Security researchers at Symantec have uncovered what they suspect may be the first Mac OS X botnet launching denial-of service attacks.

As revealed in a recent edition of Virus Bulletin, the researchers claim to have found two malware types which use different tricks to grab control of infected Mac OS X machines.

The two malware bundles are called OSX.Iservice and OSX.Iservice.B, and appear to be spread within pirated copies of iWork 09 and Photoshop CS4, distributed on the popular P2P torrent network.  We’ve talked about these before but now these infected machines are springing into action.

Seems the malware maker got hold of original copies of both application and inserted the malicious binaries into the software. Users who download and install these apps may then be affected.

Researchers Mario Ballano Barcena and Alfredo Pesoli warn this to be “the first real attempt to create a Mac botnet”, and state that these zombie Macs are already going about bad business. Thousands of Macs may have been infected, they warn.

The men also note the malware author appears to have used the most flexible and extendible approach when creating the code, “therefore, we would not be surprised to see a new, modified variant in the near future,” the researchers said.

We’re attempting to unearth further information at this time.

UPDATE: We’ve managed a little chat with Symantec, details follow:

– The infection is also known as: OSX/iWorkServ.A [F-Secure],    OSX/IWService [McAfee],    OSX/iWorkS-A [Sophos],    OSX_KROWI.A [Trend],    OSX/iWorkS-Fam [Sophos],    OSX/Krowi.A [Computer Associates].

– They warn: "Users who download files from third party sites and from P2P networks such as BitTorrent are at risk. More generally, anyone who surfs the internet should be aware of the threat of fake web sites, called phishing sites, that steal passwords, identity information and credit card numbers. "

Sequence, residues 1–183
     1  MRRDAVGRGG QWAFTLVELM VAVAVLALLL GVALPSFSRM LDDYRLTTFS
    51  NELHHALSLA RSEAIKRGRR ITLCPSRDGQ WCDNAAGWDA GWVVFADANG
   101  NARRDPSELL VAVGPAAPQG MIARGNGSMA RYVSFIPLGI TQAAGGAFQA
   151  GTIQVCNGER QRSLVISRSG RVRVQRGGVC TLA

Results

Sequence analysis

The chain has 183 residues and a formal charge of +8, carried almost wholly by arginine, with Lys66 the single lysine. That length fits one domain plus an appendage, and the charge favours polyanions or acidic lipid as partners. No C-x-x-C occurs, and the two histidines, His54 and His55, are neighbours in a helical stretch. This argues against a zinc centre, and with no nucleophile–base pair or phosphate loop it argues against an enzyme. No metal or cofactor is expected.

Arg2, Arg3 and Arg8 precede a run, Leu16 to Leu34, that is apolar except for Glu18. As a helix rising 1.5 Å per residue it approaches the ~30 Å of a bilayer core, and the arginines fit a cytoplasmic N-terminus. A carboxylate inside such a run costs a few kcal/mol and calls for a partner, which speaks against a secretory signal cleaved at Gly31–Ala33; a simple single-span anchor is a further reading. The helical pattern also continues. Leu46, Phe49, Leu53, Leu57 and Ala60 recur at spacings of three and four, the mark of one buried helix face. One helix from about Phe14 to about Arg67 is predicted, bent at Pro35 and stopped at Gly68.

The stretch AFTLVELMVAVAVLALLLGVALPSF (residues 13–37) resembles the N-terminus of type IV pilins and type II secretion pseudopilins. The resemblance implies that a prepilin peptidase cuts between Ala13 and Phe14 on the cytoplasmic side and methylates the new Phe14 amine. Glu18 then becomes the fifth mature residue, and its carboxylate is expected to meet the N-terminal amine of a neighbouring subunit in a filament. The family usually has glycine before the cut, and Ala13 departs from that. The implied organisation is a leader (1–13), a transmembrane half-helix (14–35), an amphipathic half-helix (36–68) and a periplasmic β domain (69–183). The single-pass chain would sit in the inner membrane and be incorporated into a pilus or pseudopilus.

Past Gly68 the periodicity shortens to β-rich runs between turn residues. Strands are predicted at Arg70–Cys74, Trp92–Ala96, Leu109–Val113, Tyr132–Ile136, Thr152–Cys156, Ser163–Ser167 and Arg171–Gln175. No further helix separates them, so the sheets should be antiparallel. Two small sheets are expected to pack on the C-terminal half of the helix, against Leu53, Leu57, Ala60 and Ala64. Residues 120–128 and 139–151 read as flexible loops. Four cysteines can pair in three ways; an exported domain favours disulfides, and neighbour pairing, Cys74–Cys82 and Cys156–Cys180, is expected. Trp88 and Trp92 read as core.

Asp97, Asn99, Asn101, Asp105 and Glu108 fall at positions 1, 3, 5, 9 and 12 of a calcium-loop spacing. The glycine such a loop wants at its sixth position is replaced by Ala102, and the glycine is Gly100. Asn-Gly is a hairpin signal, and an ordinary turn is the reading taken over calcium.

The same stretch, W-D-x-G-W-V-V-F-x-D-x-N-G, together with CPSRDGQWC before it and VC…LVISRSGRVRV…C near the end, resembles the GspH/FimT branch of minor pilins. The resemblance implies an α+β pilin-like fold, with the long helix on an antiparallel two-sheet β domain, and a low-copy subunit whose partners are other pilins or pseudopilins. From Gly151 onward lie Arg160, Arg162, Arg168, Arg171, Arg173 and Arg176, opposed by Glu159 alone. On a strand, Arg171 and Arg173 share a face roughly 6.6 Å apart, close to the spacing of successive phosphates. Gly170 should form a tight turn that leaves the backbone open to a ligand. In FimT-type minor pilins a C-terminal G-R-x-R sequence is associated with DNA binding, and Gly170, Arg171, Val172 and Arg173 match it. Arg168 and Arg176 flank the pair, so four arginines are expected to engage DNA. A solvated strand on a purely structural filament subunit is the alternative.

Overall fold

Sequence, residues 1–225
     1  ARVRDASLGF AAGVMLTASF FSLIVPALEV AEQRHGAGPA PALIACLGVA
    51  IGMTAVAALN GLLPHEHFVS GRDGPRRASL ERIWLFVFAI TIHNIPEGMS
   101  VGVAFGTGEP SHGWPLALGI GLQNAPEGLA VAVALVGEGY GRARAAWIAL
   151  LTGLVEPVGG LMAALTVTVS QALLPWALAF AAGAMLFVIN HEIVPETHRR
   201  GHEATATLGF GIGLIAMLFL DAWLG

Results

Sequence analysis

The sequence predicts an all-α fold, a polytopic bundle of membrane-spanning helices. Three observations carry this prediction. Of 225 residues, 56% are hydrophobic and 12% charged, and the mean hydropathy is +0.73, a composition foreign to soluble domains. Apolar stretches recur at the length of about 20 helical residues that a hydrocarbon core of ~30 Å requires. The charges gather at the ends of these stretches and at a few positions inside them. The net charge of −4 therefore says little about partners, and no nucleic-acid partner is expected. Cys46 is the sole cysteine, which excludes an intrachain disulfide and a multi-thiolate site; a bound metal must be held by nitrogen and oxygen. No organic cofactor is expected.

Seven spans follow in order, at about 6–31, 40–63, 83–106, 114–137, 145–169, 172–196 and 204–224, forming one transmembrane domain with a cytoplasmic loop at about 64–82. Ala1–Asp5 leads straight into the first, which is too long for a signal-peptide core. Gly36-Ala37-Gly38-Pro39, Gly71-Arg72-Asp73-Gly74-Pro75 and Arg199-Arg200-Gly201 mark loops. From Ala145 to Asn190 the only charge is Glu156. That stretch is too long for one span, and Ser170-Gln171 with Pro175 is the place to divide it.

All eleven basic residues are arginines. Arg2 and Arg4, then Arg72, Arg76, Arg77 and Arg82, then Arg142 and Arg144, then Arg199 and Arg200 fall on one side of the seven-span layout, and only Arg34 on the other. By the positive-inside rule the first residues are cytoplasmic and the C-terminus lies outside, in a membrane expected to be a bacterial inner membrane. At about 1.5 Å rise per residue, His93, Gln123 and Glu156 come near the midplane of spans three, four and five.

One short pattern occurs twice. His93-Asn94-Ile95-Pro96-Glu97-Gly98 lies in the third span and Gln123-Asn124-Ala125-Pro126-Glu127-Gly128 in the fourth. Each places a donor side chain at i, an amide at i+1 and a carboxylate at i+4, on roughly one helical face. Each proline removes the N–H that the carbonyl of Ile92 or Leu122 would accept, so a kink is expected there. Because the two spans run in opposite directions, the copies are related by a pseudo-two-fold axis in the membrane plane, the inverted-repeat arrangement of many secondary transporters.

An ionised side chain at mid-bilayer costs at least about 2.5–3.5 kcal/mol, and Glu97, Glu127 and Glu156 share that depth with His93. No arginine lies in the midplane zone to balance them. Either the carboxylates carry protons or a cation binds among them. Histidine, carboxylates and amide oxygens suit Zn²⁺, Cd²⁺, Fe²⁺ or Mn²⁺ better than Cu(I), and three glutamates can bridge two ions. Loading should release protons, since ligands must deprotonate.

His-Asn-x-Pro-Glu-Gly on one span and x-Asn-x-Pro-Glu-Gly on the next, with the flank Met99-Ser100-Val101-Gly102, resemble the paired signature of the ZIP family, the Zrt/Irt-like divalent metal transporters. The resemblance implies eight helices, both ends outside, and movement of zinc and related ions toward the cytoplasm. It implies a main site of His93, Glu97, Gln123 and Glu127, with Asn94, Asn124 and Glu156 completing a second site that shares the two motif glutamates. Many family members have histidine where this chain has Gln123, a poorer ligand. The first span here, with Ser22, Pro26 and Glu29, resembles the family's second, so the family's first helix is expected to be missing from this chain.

– Asked if Mac users are under attack, Symantec notes: "The short answer, no. Users of Macintosh computers continue to have little to fear from viruses, trojans and worms so long as they take reasonable precautions."

More general info on the malware:

The two versions of the trojan, called OSX.Iservice and OSX.Iservice.B both create a network of computers (a “botnet) that can used by cyber criminals to attack web sites, send junk email, steal passwords (SPAM) and other malicious activities. This network has been called by some, "iBotnet".

The trojans are distributed in pirated copies of Apple Computer’s iWork ’09 and Adobe Photoshop CS4 found on some P2P networks. Other than installing the company’s anti-virus technologies (and warning against free solutions purporting to do this. as these are often flawed), the company advises Mac users who frequently download files and apps should, "Create a limited or non-administrator account for day to day activities. Use an account with full privileges only when necessary."

The fake iWork ’09 installer has the filename iWork09.zip and is approximately 450MB in size. In contrast, the legitimate trial version of iWork ’09 that is available from Apple is named iWork09Trial.dmg and is slightly over 451MB. The iWorkServices.pkg contains the Trojan executable named iworkservices, and is approximately 404KB in size.

The Trojan first determines if it is the root user on the compromised computer and if not, it will end. Then, it checks to see if it was executed with the file name iWorkServices. If not, it will create the following folder:

/System/Library/StartupItems/iWorkServices

The Trojan then copies itself to both of the following locations:

/usr/bin/iWorkServices
/System/Library/StartupItems/iWorkServices

 

It then modifies the following file to ensure that it runs when the compromised computer restarts:

/System/Library/StartupItems/iWorkServices/StartupParameters.plist

The Trojan then restarts itself from its new location in /System/Library/StartupItems/iWorkServices, and decrypts an AES encrypted configuration file, which is located in /private/tmp/.iWorkServices. Finally, the Trojan acts as a back door and opens a port on the local host for connections. It then attempts to connect to the following remote hosts:

69.92.177.146:59201
qwfojzlk.freehostia.com:1024

We’re fairly confident now this isn’t a wide-spread outbreak, but do hope that any Mac user who may have been affected now has the knowledge they need to identify if indeed they have been, and potentially to protect themselves from any further propogation of this malware thingummy…